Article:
© Joan-Marie Moss 1994

Gramps got the fever back in 1925. It came suddenly, stealing this rugged rancher from Gra’am and their 13 children.

The fever was epidemic. It seemed at first that Gramps would be strong enough to escape its grasp. He was proud of his herd of beef cattle, his covey of children and the vast acreage of range land that was his ranch.

But one morning, long before sunrise, he’d set his pick, shovel, a backpack, hunting canteen, and stout rope in a heap outside the kitchen door. When he came in later from finishing his chores and sat down to pork and eggs, homemade biscuits and freshly churned butter, Gra’am knew it was all over. He was restless, as he gazed far off across the fields, seeing things she couldn’t, and if she did, wouldn’t care much about. She knew then he’d be gone by dark and most likely wouldn’t be seen alive again.

As he sat down to eat, he said, “Ma, I been thinkin’. It’d only take one claim…just one… Them hills’r teamin’ with gold and I jus’ gotta go make our fortune.”

Gra’am said nothing. She knew…

Jake ‘n Sam’r old ‘nouf to care for the ranch and tend the farm. The rest all know what chores they’re responsible fer. I’ll take jes’ a sack of flour, salt ‘n a can o’ lard. I’ll be back by the firs’ snow.”

She choked back a sob for she knew she’d never see him alive again. She’d seen it happen to Hansen over the next ridge just last year. They never did find him. But Gramps was a proud and stubborn man. He didn’t take much to having anyone interfere with his plans, even her. She couldn’t stop him…wouldn’t even try.

And so, by end of day he was gone.

Gramps went alone into the mountains. He prospected the back hills, dug into the craggy mountains and panned the cold highland streams for just one hint of “the big’un”.

Gra’am and her brood got along fine that summer. They were all tough, weathered mountain folk. And they knew how to go on day by day with the assurance that nature would take its course and be kind to those who paid the price of survival.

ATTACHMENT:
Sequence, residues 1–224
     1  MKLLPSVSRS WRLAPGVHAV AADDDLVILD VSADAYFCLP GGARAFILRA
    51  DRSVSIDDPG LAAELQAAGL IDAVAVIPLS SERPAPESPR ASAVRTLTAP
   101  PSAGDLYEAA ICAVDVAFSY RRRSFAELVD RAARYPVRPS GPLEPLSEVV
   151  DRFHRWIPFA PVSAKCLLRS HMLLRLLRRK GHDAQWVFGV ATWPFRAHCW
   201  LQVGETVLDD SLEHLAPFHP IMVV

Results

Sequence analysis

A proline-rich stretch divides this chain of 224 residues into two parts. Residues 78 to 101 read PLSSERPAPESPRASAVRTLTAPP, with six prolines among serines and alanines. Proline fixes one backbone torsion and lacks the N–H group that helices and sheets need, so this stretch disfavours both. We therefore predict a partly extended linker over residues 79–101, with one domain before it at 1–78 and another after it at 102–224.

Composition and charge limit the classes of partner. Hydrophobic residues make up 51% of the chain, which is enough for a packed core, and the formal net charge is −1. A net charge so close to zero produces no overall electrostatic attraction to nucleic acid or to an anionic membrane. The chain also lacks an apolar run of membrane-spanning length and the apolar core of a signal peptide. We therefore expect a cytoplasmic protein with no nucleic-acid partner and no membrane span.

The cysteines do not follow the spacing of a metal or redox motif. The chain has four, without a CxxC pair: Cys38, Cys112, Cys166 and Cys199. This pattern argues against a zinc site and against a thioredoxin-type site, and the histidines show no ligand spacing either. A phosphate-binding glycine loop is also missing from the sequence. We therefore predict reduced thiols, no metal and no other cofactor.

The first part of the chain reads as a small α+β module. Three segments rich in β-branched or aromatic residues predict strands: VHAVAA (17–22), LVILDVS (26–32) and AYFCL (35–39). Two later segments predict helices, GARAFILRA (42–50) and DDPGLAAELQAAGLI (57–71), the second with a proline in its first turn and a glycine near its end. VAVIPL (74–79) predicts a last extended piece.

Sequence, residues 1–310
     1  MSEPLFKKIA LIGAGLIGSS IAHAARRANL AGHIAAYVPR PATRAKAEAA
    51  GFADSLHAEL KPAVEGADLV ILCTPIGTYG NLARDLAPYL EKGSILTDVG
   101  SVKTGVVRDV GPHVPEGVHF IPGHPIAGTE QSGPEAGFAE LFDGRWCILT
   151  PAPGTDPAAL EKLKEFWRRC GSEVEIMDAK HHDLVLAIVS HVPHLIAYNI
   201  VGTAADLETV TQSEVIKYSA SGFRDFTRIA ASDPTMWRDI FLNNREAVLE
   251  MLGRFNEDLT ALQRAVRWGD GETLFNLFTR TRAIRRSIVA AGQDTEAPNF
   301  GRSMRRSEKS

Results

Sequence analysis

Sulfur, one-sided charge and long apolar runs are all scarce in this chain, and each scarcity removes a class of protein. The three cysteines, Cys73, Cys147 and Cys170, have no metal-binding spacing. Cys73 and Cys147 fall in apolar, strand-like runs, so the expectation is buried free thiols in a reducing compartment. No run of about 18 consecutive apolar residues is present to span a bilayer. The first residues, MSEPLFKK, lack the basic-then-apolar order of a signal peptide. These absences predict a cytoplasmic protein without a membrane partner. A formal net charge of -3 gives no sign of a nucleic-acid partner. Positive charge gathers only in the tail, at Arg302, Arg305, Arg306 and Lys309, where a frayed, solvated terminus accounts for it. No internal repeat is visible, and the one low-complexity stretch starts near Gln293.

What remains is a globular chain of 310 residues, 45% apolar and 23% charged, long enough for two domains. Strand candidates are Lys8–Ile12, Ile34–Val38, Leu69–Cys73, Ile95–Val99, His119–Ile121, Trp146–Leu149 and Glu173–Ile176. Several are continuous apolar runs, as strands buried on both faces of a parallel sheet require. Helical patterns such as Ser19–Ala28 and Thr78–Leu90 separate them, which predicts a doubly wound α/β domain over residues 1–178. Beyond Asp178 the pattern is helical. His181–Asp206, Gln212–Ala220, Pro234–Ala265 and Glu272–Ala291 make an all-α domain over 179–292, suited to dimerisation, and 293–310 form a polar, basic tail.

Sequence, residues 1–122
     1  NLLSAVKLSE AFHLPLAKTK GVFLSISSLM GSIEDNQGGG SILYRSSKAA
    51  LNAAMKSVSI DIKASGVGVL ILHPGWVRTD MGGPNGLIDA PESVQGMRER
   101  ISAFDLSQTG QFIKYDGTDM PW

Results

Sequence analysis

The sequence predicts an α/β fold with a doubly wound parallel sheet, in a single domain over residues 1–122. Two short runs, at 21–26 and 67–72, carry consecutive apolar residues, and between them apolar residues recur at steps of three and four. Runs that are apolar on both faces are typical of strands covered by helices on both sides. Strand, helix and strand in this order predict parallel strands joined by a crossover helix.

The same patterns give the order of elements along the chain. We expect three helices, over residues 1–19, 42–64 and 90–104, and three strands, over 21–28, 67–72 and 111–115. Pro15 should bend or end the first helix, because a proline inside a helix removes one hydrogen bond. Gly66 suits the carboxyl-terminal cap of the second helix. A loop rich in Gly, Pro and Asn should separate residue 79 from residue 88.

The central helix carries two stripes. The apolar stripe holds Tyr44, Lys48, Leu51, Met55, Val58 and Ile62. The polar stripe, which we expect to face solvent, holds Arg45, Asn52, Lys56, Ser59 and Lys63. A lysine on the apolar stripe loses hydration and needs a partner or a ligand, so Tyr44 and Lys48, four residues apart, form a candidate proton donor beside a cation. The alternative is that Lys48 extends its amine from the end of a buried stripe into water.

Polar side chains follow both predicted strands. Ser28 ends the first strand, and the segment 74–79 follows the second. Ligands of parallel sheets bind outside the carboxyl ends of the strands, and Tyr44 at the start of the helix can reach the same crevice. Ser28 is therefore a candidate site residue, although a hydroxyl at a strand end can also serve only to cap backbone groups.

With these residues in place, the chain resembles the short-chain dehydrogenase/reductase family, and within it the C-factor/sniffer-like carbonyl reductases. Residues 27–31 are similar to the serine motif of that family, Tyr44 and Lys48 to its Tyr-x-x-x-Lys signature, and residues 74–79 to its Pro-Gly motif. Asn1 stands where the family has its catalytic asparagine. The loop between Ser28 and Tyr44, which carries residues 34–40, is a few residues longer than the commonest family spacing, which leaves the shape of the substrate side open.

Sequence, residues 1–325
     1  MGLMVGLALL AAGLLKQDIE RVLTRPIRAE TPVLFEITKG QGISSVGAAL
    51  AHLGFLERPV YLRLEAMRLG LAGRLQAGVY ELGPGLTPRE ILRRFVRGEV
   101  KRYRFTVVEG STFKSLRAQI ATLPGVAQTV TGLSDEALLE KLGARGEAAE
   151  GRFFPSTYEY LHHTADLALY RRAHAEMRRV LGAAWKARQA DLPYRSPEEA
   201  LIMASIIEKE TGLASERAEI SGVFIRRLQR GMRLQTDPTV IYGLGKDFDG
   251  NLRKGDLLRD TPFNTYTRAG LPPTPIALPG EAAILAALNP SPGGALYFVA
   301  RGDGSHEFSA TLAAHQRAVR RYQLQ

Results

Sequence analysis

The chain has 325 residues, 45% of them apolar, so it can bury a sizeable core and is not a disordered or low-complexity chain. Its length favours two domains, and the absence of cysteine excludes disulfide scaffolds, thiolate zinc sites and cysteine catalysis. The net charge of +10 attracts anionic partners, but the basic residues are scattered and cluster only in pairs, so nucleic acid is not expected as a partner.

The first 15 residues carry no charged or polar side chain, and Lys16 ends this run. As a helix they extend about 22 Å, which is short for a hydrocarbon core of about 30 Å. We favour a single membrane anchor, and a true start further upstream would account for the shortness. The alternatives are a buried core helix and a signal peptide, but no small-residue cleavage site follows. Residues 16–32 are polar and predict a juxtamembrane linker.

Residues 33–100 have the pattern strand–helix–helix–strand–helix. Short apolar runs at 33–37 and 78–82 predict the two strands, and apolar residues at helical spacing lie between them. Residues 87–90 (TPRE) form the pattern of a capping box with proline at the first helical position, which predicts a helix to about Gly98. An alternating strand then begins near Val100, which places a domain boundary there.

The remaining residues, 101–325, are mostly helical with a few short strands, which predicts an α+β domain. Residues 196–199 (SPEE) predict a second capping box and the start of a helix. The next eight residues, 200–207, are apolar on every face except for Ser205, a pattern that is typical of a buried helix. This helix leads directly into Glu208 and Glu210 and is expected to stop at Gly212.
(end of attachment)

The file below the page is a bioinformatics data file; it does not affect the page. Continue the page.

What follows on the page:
Gramps didn’t return with the first snow. or any time that winter. When the spring thaw came, he was found outside the south pasture fence. His was the form of a man almost beyond recognition. His sun-parched skin was drawn taut; his bony, gnarled hands and knobby knees, twisted. His teeth were broken and stained, his eyes sunk deep into his skull. Even a stranger could see from his vacant expression that he had not found his dream.

Gra’am buried her husband beneath the old aspen stand at the edge of the stream which meandered through the rich land he’d loved.

The day his sons dug the grave, they rested on the edge of the stream. Jake stooped to dip his neckerchief into the icy mountain stream to moisten his brow. But he never did finish. Instead, he gave a startled cry of surprise. “Sam, c’mon here. Lookee, see.”

There embedded in the mud were hundreds of golden flecks glittering in the stream-washed mud.

Thar lied Dad’s treasure…He didn’t need to kill hisself to find it after all. It lied at his’n feet all along,” Jake sighed biting his lip and took a deep breath as he wiped his eyes. Sam squared his shoulders, turned and headed back to the homestead and the evening’s chores.